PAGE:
Home > Blog > Problem Solving and Computational Thinking Skills

  • By Seema Narang
  • December 24, 2016

Problem Solving and Computational Thinking Skills

This is a complex quote on the objectives of Education. To understand this objective, let’s break it further into smaller objectives:

  • Prepare young people for newer types of jobs
  • Prepare young people to use the technologies that are not yet invented
  • Prepare young people to solve problems

If you look at the first two objectives, these appear to be challenging objectives to achieve! If the technology is not invented yet, how can we train the younger generation to prepare for the newer jobs when we don’t know it ourselves? However, if you train students on problem-solving approach, you don’t need to prepare them for the rest. They would be able to meet any challenge in life.

So, what is problem-solving and how do we teach it to students?

Problem-solving is a higher order cognitive process that helps you understand the goal of the problem and what rules can you apply to solve the problem. It involves logical reasoning and interpretation. It can be applied to any situation, subject, or context. The problem-solving approach helps to develop Computational Thinking (CT) skills in students. These skills include the ability to:

  • think algorithmically;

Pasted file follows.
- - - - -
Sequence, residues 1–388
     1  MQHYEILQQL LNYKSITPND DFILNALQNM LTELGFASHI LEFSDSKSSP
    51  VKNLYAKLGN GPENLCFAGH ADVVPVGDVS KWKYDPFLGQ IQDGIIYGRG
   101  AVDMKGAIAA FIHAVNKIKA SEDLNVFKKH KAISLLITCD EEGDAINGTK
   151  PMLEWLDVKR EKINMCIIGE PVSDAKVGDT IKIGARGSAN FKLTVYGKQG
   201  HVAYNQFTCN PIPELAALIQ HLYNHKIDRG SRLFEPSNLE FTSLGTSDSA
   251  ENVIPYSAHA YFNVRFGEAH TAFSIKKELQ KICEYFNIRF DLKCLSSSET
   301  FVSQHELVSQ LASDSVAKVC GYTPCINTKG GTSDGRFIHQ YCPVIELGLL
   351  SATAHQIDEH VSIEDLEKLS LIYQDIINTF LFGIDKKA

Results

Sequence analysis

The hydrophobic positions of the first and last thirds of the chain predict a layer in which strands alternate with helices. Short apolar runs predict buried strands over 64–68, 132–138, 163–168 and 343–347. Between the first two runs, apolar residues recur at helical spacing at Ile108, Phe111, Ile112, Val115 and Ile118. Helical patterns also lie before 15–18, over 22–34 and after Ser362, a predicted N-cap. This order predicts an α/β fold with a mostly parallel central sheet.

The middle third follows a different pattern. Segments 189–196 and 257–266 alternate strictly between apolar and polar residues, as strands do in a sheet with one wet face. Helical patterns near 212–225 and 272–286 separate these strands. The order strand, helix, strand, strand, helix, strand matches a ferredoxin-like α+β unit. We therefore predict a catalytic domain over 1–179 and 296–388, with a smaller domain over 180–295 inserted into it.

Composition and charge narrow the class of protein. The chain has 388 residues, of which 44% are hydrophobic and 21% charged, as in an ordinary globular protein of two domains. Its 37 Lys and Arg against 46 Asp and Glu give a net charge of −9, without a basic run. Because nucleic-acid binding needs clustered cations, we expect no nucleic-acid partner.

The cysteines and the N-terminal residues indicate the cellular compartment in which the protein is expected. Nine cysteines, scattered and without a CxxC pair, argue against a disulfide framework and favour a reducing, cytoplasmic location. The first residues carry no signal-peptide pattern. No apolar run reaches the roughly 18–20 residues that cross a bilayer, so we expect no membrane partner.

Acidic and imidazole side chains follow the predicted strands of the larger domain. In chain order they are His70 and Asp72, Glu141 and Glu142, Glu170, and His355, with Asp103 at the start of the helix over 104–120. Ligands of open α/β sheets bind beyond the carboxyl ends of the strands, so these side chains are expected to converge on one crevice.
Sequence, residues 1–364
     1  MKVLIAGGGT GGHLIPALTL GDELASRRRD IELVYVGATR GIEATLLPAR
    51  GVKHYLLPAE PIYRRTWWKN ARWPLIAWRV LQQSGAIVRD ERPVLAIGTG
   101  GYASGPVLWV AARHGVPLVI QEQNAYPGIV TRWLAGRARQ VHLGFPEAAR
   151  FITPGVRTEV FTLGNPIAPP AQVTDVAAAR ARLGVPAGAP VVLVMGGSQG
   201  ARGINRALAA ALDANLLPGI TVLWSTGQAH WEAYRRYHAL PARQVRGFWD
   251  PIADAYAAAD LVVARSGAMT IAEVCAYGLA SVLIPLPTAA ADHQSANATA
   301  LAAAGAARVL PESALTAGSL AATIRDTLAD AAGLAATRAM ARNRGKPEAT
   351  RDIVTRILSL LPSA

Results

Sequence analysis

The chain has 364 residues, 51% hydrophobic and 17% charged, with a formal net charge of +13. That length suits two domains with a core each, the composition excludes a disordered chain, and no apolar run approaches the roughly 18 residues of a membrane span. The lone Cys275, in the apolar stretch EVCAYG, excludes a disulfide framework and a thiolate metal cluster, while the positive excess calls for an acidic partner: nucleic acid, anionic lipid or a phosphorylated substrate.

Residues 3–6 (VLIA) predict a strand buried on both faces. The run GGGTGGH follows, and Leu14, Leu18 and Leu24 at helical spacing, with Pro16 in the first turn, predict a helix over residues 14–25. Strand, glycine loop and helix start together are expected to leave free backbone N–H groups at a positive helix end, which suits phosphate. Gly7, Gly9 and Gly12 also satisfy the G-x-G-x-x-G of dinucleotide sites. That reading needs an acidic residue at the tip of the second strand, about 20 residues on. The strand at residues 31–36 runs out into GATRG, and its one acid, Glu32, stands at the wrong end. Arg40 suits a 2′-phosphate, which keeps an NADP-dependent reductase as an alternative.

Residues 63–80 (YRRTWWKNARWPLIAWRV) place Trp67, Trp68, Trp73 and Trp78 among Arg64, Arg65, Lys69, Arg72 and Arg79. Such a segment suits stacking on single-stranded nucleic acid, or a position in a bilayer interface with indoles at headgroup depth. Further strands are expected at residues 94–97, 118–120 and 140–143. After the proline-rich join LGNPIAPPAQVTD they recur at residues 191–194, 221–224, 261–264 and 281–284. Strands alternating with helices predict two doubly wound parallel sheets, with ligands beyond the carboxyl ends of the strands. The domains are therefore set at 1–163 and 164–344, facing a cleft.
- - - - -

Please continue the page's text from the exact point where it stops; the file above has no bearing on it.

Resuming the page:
• think in terms of decomposition;
  • identify patterns and think in generalisations;
  • think in abstractions; and
  • think in terms of evaluation.

Algorithm thinking is the ability to break a task into a sequence of sub-tasks to reach the solution. For example, baking a cake involves doing some tasks in a sequence. It would also involve identifying what all is available and what are the constraints/ conditions for performing the sub-tasks.

Decomposition is the ability to break down a larger problem into smaller components and then solving each of them. For example, hosting a party would include booking the venue, inviting guests, identifying the menu etc.

Generalisation involves identifying patterns, similarities and connections, and figuring out how these can be used. It is a process of reaching a solution based on previous solutions to similar problems, and building on prior experience.

Abstraction is the process of making a problem more understandable through reducing the unnecessary detail. The skill in abstraction is in choosing the right detail to hide so that the problem becomes easier, without losing anything that is important. A key part of it is in choosing a good representation of a system. For example, to understand the working of a car, you need to focus on wheel and engine separately.

Evaluation is the process of ensuring that a solution is a good one and it meets the goal. The solution need to be evaluated in terms of parameters such as correctness, speed, economically viable, and easy to implement.

To conclude, computational thinking enables students to recognize when and how technology can boost their own critical-thinking, creative and problem-solving skills in order to find innovative solutions to real-world problems. To prepare students for a future that we can’t yet imagine, it’s important to empower them to become lifelong learners and equip them with the skills to face future challenges resourcefully and creatively.

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